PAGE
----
Comment – Rolling In The Deep – What's next after email?
by Andy Stokes* (Not Pictured Left)
A number of comments and pieces on Legal IT Insider have recently referenced the question “What’s after email” … quite often in a way that says “we are/our product is”. But, I hear you ask, what has that got to do with “Rolling In The Deep”? Well, if you remember the chorus from Adele’s lyrics, then you may know … and I’ll come back to that.
So, what’s after e-mail? The answer is; the same as it ever was. And what’s that I hear you ask? (OK, so I hear voices occasionally, but don’t let that put you off). But before we get to that, let’s think about e-mail and its history. Back in the day, I was firstname.lastname@example.org and used a 56K modem, screeching and whining away as it connected on demand and when I could afford it. Then I worked for a firm that dialled up for e-mail regularly … every hour – wow! And now we curse the gods of the internet and bang F9 with a vengeance if an e-mail does not appear in seconds. And because e-mail is so ubiquitous we use it for everything; instant chat, arranging lunch, dating, everything; heck, sometimes for work. We get copied on threads we don’t want to by people we don’t know, every system we use knows how to hijack mailto:. I know of systems that used to initiate matter file opening via the automated reading of e-mails, generated by a third party system … because that’s all it could do. We’ve become overloaded with e-mails because it’s ubiquitous and every system integrates to it, ‘because that’s where the lawyers live’, and with the exception of large law firms with matter-centric document management systems, the vast majority of these e-mails have absolutely no context.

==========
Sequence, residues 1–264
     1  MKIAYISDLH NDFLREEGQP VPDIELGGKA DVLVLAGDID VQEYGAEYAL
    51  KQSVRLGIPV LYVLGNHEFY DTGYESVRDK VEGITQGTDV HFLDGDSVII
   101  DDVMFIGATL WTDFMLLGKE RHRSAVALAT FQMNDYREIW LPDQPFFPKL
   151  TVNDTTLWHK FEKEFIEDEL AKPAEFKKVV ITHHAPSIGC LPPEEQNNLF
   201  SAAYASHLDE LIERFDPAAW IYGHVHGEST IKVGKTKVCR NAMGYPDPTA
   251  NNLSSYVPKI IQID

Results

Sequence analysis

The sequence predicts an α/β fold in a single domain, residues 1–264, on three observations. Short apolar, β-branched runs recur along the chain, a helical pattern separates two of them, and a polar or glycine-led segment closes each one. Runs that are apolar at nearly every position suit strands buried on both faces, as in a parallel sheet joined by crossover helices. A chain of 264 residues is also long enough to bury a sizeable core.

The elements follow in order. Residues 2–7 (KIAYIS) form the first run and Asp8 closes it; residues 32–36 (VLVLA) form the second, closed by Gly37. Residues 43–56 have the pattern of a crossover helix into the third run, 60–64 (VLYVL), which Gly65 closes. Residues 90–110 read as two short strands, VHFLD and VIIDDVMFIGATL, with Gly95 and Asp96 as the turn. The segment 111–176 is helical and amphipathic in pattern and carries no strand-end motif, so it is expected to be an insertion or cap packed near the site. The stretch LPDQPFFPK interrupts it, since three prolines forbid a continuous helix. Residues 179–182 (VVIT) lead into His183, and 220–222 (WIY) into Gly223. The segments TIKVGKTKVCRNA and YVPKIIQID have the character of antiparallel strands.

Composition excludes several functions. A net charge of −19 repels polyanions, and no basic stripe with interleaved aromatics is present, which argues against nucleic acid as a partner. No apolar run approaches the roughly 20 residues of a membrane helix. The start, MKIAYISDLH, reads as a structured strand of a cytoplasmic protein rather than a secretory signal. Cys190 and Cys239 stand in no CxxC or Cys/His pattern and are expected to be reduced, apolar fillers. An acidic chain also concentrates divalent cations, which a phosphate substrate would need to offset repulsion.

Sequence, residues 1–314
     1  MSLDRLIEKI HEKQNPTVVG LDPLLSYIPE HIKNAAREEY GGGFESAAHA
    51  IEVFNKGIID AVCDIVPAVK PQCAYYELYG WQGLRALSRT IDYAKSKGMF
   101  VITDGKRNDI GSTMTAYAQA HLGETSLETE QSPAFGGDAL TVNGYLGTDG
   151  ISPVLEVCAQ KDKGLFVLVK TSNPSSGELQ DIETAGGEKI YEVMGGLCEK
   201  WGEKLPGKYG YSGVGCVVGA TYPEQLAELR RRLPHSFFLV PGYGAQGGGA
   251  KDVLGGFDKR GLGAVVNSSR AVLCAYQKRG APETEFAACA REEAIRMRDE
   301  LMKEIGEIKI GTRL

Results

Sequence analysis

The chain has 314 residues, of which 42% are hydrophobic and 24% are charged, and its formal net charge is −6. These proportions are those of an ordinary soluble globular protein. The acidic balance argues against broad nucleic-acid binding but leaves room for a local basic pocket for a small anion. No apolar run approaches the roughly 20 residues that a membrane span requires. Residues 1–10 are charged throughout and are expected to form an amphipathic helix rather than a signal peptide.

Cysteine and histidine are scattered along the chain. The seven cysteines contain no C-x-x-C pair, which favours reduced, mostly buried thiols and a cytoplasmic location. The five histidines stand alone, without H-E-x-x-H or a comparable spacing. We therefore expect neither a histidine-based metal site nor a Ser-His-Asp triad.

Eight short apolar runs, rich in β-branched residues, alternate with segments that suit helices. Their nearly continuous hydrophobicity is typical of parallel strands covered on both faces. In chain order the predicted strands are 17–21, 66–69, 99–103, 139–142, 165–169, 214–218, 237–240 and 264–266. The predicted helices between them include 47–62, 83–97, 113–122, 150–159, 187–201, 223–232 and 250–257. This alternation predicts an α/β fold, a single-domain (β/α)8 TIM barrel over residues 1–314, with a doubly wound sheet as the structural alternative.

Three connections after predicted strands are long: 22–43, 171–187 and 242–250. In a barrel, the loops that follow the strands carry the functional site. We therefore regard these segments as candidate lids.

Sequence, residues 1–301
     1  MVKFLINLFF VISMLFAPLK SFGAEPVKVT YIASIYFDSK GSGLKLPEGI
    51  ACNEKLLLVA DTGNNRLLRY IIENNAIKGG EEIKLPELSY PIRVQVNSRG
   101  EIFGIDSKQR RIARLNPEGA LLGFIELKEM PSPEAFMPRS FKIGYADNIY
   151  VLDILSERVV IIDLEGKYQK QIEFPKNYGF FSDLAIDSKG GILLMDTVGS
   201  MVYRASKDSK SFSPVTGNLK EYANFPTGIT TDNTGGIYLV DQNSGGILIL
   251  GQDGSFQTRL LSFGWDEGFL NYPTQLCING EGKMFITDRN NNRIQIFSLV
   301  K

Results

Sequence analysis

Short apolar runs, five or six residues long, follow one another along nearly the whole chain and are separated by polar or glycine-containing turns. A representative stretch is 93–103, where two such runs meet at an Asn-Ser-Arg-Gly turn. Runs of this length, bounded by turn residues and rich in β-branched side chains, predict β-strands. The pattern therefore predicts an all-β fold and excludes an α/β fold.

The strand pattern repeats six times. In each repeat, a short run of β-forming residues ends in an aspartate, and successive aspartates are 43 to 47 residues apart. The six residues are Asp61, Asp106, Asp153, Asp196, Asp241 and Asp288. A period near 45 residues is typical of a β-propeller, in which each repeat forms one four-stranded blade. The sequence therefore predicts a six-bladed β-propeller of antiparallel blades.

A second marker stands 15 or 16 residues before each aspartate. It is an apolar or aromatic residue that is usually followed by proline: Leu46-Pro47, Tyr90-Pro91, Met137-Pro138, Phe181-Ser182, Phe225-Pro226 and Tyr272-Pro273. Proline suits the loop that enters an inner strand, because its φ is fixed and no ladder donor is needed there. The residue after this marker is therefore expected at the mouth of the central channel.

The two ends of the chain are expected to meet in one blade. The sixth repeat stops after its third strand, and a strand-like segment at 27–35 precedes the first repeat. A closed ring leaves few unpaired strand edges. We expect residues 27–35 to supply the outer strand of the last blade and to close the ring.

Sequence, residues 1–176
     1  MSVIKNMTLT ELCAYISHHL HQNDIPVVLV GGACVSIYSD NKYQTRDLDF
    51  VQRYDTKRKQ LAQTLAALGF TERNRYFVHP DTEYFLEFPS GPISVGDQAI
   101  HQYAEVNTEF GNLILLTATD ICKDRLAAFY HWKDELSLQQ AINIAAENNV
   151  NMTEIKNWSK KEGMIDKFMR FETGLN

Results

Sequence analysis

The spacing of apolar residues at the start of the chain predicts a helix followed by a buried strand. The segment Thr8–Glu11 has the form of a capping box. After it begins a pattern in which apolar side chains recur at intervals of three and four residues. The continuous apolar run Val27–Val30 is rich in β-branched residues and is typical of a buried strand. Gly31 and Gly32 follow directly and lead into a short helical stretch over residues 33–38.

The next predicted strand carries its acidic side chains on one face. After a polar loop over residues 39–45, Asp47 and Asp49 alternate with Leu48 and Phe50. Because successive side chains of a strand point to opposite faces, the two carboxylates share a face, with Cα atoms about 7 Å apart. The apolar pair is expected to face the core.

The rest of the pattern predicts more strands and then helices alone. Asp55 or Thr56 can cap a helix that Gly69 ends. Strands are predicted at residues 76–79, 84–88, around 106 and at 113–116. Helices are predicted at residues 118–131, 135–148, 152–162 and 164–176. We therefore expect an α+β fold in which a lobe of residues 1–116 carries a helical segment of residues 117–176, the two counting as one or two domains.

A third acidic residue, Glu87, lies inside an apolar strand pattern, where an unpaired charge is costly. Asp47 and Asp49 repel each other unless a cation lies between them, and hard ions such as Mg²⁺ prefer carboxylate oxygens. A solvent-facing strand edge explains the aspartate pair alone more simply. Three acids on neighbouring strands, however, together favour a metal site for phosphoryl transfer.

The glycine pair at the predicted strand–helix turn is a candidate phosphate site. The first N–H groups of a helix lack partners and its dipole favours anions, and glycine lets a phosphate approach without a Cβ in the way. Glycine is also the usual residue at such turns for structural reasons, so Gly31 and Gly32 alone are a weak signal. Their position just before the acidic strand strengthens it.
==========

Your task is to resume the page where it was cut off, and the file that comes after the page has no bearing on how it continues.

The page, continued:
So what is after e-mail? Well I’m going to call it Embedded Contextual Collaboration. Now that’s never going to catch on, so let’s call it LegalPivot (LP) … or whatever other lipstick the marketing folks think suits the pig.
So what does ‘LP’ do? Nothing … it’s an imaginary construct! But what will it do, or need to do? Well in my opinion it needs to:
* Be technology neutral and easily embedded and accessible in all our legal applications.